During an early privacy review of the Payment Request API, Lukasz Olejnik raised concerns about the ability of website scripts to "fingerprint" a user by repeatedly using the .canMakePayment() call to determine which payment methods and payment instruments the user has installed. To mitigate this risk, Firefox allows the .canMakePayment() call only in top-level browsing contexts and only after the user "gestures" to allow .show() from the website. Furthermore, Firefox matches only on installed payment handlers or supported payment methods (e.g., basic-card), not on card networks (e.g., Visa or Amex).
Private Browsing Mode
In Private_Browsing private browsing mode, several additional protections are in place:
- By default, Firefox does not save credit card data, shipping and billing addresses, etc.
- Firefox does not remember the last credit card and shipping address used at this website.
- Firefox does not send user data to the website without user consent.
- Firefox does not update storage metadata.
- Firefox takes several steps to prevent a website from using the Payment Request API to discover whether private browsing mode is enabled.
To help mitigate against cross-site scripting attacks and Spectre-related vulnerabilities, care has been taken to implement the Payment Request dialog in a separate process from the process that handles credit card data (see Bug 1460425).
As part of the Payment Request API, the merchant website can provide certain untrusted strings to the browser; these include:
- PaymentItem label values (e.g., products in a shopping cart)
- The web origin of the merchant website (which could include mixed scripts or bidirectional domain labels)
- Error strings, especially generic error message
Firefox should validate and sanitize all untrusted strings, for instance by limiting the display length (e.g., truncate to 64 bytes or fewer, as is done for relying part names in the Web Authentication API).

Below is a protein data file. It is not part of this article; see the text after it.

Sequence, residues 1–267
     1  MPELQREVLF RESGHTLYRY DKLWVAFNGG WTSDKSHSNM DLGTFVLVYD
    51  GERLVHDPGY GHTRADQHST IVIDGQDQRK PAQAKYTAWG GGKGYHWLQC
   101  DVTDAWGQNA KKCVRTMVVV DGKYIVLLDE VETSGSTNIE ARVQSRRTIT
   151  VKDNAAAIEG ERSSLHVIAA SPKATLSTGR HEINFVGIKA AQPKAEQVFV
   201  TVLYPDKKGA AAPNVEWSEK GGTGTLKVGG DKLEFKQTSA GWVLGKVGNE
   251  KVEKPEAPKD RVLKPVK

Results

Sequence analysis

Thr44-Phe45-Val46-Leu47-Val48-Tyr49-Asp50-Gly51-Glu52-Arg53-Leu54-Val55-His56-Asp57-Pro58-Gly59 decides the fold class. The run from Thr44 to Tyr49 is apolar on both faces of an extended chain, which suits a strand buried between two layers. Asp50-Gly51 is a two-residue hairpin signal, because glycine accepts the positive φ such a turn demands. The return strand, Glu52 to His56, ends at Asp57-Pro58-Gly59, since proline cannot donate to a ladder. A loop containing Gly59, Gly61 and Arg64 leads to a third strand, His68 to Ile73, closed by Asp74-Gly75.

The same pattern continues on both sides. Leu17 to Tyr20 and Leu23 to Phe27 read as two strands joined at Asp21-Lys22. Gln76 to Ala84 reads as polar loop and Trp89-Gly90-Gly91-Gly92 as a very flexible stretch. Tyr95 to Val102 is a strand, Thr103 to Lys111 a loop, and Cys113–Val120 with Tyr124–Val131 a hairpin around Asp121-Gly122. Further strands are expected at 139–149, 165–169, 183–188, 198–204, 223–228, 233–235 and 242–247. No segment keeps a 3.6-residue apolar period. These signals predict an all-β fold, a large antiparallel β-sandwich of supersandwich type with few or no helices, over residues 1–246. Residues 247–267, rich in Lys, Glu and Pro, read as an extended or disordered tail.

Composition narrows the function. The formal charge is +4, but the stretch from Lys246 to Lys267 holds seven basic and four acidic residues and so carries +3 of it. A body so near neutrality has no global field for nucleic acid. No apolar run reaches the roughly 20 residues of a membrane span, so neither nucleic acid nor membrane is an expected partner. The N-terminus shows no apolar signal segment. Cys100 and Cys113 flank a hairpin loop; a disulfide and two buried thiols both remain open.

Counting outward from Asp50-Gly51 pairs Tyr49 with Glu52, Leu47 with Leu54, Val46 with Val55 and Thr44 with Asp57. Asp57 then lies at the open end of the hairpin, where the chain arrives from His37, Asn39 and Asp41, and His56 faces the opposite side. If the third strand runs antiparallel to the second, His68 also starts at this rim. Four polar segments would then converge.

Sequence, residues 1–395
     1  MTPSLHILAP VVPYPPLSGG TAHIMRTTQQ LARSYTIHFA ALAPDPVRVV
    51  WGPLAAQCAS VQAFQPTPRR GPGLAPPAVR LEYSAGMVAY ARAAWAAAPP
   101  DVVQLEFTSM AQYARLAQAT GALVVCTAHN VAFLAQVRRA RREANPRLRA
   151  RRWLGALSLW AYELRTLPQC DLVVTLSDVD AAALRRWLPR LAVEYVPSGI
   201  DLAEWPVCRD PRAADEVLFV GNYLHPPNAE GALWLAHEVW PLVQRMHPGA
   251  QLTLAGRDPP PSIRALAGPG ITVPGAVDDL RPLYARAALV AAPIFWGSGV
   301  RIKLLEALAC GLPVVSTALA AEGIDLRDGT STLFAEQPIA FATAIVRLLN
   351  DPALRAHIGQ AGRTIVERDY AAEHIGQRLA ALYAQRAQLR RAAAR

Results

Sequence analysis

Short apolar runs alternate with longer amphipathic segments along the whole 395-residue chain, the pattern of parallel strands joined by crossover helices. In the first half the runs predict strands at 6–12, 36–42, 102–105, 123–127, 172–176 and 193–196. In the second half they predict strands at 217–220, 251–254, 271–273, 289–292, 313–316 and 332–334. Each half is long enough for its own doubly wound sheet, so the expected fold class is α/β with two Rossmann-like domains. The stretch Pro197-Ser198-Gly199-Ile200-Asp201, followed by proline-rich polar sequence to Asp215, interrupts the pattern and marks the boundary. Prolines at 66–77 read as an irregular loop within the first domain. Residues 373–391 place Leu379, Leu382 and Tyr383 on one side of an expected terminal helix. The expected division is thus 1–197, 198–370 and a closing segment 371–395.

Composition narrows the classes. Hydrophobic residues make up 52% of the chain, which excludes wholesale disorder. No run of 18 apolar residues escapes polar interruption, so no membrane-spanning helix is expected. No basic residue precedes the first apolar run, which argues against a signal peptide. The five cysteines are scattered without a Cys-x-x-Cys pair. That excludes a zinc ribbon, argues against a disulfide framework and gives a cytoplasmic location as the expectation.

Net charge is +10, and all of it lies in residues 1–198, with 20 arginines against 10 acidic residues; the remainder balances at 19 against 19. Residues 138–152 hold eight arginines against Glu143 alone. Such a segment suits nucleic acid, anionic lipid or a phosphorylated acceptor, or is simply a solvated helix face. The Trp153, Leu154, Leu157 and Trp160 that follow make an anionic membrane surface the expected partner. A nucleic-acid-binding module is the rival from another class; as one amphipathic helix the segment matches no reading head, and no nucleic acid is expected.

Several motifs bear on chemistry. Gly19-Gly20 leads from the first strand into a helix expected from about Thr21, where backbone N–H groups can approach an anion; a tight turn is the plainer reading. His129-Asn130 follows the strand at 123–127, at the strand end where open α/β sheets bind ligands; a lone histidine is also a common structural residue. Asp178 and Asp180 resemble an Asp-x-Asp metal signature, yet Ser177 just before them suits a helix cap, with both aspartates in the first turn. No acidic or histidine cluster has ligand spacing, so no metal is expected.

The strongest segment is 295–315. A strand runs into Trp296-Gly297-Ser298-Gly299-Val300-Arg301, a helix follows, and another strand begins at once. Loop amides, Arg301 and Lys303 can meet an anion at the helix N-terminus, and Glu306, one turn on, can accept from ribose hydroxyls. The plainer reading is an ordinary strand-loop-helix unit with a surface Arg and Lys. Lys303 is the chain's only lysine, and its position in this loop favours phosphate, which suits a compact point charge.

Navigations away from a page showing a Payment Request dialog either should be prevented or the dialog should abort.
We should prevent attacks where the user is tricked into interacting with the Payment Request dialog (e.g., clickjacking), probably by implementing a security delay on the "pay" button (i.e., the button that invokes the .show() call).
An abusive website could repeatedly invoke the payment request dialog and thus hold the user hostage until they pay. To prevent this, the proposed design will allow the user to close the whole tab while the Payment Request dialog is open.
- What happens if the dialog appears during DOM or UI fullscreen?
- What happens if the dialog appears in different variants of popup windows? (consider window.open features)
Privacy and Security Roadmap
Future features will likely include:
- Support for tokenized credit card data (e.g., via the W3C Tokenized Card Payment Method) so that credit card numbers are not sent from the browser to the merchant; instead, the browser sends a payment authorization token.
- Support for stronger encryption of payment requests and responses using a standardized approach such as the emerging W3C Payment Method Encryption proposal.
- Reliance on underlying adjustments in Firefox to address issues such as timing-related side channel attacks (e.g., using process-per-origin separation).